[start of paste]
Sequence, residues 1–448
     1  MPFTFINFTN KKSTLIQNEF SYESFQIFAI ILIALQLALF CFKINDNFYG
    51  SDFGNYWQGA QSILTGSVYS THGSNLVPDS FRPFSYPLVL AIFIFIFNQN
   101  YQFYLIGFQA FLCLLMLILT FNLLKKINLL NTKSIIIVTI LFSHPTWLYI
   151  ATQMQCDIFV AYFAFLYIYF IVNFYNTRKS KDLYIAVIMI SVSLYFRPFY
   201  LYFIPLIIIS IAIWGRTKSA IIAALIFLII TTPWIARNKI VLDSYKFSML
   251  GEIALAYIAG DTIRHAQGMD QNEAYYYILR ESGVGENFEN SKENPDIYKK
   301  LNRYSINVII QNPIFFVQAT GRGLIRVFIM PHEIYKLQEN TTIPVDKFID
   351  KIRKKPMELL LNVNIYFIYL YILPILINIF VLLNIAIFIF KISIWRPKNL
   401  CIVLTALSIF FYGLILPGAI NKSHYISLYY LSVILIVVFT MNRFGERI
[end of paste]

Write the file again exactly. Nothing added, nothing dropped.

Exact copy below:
Sequence, residues 1–448
     1  MPFTFINFTN KKSTLIQNEF SYESFQIFAI ILIALQLALF CFKINDNFYG
    51  SDFGNYWQGA QSILTGSVYS THGSNLVPDS FRPFSYPLVL AIFIFIFNQN
   101  YQFYLIGFQA FLCLLMLILT FNLLKKINLL NTKSIIIVTI LFSHPTWLYI
   151  ATQMQCDIFV AYFAFLYIYF IVNFYNTRKS KDLYIAVIMI SVSLYFRPFY
   201  LYFIPLIIIS IAIWGRTKSA IIAALIFLII TTPWIARNKI VLDSYKFSML
   251  GEIALAYIAG DTIRHAQGMD QNEAYYYILR ESGVGENFEN SKENPDIYKK
   301  LNRYSINVII QNPIFFVQAT GRGLIRVFIM PHEIYKLQEN TTIPVDKFID
   351  KIRKKPMELL LNVNIYFIYL YILPILINIF VLLNIAIFIF KISIWRPKNL
   401  CIVLTALSIF FYGLILPGAI NKSHYISLYY LSVILIVVFT MNRFGERI